LOL......AO I have 2 turbos on my V8 so good luck Mad Maxing me out......got to catch me first & that supercharger just will not do it.

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Re: What are you--personally--doing to be less dependent on ...

We've been moving towards self-sufficiency for 3 years now, but this year we sold our lawnmower and and bought a scythe.  First we put our 2 beef cows on the lawn with portable electric fence, then moved the cows to the pasture.  Since we now have a total of 6 acres of open fields (last year's labor - we cleared 4 acres of woods and converted it to fields) we have more grass than cows so we let the lawn grow to a respectable 8-10", scythe it down, rake it up and compost it.  The neighbors are not pleased: Oh! The horror!  Unmowed lawns!  but oh well.... personally the constant drone of their riding mowers on nice days drives me crazy.

We also built 6 raised-beds(4' x 10' x 10" deep)  where last year's pigs were (close to the house) and filled them with manure, compost and loam so now there is no more rototilling.  We can dig each bed with a broadfork in about 5 minutes. 

We hand-split most of our wood. We only use about 3 cords a year now that we've moved out of our 1830's era cape and retrofitted a 30 x 30 former woodshop that is super-insulated. For the really big firewood we bought a foot-pump hydraulic splitter but haven't had the time to try it.  Ultimately we are looking to build a russian fireplace which we think is the most efficient wood heat.  One thing at a time.

Essentially, peak oil fuels our constant conversation (pun intended) and we're always looking at ways to cope when, not if, there's a disruption in the system.  We're thinking about composting toilet and a hand pump for water, but the next thing on my list is a bicycle-powered chicken plucker. Anybody have any plans for that????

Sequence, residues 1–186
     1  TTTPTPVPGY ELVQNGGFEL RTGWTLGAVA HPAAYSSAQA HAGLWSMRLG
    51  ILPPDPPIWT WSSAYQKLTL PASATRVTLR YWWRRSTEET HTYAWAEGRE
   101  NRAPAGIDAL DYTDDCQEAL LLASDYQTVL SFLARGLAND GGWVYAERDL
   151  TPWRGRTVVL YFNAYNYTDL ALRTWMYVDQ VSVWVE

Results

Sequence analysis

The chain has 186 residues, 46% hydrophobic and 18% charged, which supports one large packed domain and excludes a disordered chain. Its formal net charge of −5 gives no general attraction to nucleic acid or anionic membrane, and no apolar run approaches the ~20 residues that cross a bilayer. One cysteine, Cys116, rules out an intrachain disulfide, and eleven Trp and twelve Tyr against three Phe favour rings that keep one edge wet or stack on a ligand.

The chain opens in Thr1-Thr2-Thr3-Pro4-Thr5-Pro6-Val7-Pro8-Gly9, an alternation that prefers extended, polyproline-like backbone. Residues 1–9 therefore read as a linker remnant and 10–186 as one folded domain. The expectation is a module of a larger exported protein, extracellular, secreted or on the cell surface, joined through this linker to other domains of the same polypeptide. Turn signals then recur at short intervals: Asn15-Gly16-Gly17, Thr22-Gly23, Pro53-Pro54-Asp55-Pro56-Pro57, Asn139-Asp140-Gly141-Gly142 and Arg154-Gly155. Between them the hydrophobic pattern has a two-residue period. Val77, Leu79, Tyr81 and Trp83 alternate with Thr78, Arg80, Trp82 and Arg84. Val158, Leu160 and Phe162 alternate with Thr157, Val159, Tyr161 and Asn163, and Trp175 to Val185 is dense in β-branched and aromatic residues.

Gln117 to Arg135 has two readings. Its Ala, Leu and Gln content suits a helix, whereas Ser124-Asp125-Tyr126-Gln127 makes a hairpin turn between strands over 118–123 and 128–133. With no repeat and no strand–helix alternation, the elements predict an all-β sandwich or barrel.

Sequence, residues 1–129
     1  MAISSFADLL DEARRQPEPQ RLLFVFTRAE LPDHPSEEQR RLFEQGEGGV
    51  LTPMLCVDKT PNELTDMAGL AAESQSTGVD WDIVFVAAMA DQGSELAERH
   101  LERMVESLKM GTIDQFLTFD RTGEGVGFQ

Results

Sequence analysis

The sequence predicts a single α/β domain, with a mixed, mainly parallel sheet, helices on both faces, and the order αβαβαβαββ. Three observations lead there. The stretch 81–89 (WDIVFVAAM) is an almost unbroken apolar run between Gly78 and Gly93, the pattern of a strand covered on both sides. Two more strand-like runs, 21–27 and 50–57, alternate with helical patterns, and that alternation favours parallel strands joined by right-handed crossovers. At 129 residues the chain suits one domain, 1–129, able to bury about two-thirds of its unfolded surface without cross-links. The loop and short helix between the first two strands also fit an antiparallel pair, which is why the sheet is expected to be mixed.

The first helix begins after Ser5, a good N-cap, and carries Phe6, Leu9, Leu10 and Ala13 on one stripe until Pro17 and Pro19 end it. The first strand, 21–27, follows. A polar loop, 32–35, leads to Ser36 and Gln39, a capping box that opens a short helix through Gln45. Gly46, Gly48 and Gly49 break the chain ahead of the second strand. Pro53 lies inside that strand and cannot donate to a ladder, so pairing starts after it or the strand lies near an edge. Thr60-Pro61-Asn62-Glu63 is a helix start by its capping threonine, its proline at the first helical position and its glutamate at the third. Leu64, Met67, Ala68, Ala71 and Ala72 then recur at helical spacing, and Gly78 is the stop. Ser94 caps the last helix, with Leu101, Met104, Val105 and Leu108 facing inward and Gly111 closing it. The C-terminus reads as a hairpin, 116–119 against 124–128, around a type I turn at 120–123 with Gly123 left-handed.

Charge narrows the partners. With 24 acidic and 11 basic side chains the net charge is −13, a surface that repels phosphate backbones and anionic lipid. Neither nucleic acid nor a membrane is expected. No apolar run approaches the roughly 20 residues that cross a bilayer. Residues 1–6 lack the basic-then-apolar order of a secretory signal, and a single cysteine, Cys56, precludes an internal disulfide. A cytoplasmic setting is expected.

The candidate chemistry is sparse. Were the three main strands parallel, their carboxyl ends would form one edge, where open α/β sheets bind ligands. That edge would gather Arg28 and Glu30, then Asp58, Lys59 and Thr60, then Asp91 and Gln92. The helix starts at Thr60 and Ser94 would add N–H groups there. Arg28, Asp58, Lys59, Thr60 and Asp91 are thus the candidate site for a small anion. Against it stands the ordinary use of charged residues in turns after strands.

Cheers from Maine!

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Re: What are you--personally--doing to be less dependent on ...

Maine Dirt Farmer observed: "...personally the constant drone of their riding mowers on nice days drives me crazy."

Touche! That could be the quote of the year, with the word crazy emphasized any way it can be.

Cheers from North Berwick.

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Re: What are you--personally--doing to be less dependent on ...

 Don't go anywhere  and gave up  CHOCOLATE !    That is enough for me for a while .   Trying to wean ourselves of anything  imported ... it is near to impossible !!!

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Re: What are you--personally--doing to be less dependent on ...

I have been cringing lately when I have had to fill up my gas tank. I have such an uneasy feeling right now with everything going on in the gulf and a future of Peak Oil and less oil.

I pedal bike to the train station on nice days.

When I drive on highways, I drive at lower speeds and use cruise control whenever possible to conserve fuel. This definitely works - I get better gas mileage than the sticker on my car indicated when I bought it.

I do not plan on flying anywhere this year - my 1st time in many years that I have not flown, and I won't miss it.

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Re: What are you--personally--doing to be less dependent on ...
mainecooncat wrote:

Maine Dirt Farmer observed: "...personally the constant drone of their riding mowers on nice days drives me crazy."